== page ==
I have about 35 vehicles on the road for my business. I would buy 15 NG vehicles this year if I had a fueling station closer than 25 miles away and if you could buy a pickup truck for no more than $5K extra.
As with most earnings I think the tone of the conference call will decide how earnings are viewed. If they talk about new customers and contracts as opposed to "challenging economic environment" it won't really matter what the earnings were.
I don't even look at the EPS, the revenue is what's important. When you are opening up station of station that cost 2-3 million dollars that serve 40-50 vehicles you are not going to get net earnings. When those stations start serving 500 vehicles the company might start making real money. I am not a fan of sacrificing earnings for market share but in CLNE's situation they really don't have any choice. You can't sell vehicles without the infrastructure in place to fuel them.
I think we have already established gallons delivered this quarter are going to be up 13-14% based on the previous press release of 50 million gallons. The Yahoo analyst estimate for revenue is 101 million this quarter which is only a 3% increase. What am I missing, Is there any reason the revenue number would not be in the 110 million range? I suspect the NG advantage business has a lot lower margin per gallon than the retail but other than that I would think there would be a linear relationship between gallons delivered and revenue.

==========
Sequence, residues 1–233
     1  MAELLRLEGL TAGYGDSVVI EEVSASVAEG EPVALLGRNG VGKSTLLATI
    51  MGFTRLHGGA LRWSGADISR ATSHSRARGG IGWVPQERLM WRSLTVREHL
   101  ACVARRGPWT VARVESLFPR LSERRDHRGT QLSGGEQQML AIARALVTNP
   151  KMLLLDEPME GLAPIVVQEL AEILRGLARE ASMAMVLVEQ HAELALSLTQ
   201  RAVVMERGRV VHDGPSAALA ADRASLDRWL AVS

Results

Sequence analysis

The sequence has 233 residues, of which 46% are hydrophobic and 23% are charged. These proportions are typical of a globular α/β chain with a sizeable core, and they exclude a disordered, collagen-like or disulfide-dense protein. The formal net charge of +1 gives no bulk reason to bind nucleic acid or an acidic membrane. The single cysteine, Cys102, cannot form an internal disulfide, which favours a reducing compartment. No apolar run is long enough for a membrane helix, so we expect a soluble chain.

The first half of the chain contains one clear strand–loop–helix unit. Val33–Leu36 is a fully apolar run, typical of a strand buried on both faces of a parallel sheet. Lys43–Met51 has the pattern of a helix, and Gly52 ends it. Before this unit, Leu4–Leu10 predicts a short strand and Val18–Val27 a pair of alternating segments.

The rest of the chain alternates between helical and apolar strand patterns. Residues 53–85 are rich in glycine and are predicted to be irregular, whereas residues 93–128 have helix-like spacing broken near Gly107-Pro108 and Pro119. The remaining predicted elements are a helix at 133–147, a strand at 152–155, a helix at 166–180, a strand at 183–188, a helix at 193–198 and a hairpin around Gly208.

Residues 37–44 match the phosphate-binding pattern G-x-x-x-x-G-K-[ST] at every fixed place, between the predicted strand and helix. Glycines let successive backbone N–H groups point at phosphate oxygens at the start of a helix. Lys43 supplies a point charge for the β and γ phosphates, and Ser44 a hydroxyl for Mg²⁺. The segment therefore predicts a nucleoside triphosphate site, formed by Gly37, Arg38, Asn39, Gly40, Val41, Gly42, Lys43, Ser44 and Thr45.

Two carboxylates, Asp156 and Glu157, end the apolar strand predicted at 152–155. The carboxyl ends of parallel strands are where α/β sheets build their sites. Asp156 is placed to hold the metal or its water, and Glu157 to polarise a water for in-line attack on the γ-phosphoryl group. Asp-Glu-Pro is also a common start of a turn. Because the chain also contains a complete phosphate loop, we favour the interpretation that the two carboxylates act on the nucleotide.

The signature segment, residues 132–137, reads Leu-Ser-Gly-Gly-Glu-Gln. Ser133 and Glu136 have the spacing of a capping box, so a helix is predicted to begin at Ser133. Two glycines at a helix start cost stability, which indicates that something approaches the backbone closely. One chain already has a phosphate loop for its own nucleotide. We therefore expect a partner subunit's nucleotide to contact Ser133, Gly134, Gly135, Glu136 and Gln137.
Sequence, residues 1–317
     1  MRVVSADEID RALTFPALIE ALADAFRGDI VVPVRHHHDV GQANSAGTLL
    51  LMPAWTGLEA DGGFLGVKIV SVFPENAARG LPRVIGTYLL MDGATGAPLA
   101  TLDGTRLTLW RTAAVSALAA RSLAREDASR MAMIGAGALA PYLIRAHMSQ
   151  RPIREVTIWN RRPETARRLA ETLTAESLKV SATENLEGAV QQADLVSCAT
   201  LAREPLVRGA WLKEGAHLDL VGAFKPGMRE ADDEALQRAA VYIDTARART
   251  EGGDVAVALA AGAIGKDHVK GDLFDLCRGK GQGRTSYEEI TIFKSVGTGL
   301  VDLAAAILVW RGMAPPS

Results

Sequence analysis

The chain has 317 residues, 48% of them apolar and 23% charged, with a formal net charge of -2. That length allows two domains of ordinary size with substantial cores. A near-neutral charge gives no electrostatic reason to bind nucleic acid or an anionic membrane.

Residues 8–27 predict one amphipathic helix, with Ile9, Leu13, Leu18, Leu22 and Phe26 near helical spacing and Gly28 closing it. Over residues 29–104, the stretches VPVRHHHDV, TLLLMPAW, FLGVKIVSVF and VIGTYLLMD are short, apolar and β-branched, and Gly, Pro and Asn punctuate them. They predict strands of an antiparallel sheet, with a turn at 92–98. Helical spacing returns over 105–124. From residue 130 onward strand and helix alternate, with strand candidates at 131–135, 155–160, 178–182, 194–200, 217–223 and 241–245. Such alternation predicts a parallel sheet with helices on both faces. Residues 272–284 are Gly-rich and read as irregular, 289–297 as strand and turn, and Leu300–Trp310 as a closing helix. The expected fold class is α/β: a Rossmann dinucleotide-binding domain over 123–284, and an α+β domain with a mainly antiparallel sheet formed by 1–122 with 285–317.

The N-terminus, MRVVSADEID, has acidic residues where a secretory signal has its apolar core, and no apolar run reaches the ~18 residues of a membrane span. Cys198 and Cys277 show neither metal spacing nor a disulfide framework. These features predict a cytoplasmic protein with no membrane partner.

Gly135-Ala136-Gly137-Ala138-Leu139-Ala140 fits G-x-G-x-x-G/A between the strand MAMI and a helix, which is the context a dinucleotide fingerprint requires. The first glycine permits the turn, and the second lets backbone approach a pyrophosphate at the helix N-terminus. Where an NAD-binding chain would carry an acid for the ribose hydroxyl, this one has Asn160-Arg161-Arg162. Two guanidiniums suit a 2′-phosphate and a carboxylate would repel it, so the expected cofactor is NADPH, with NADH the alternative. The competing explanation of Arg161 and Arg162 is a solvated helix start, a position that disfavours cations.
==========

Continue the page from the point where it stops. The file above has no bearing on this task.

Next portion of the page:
If you think about it in context this stock has only traded under 8 for 18 trading days out of the last 1000. Great buying opportunity.
I admit I should know the answer to this but I do not. I have read many times about DNR's free cash flow and how that made the company undervalued. Can someone tell me what accounting "gimmick" (for lack of a better word) is allowing them to have that much free cash flow with only 400-550 million in profits every year. Is depreciation of assets $600 million per year?
I have already "doubled down" and am now thinking of adding more. As a value investor I find it hard to pass up an opportunity where a company is selling for 75% of book value.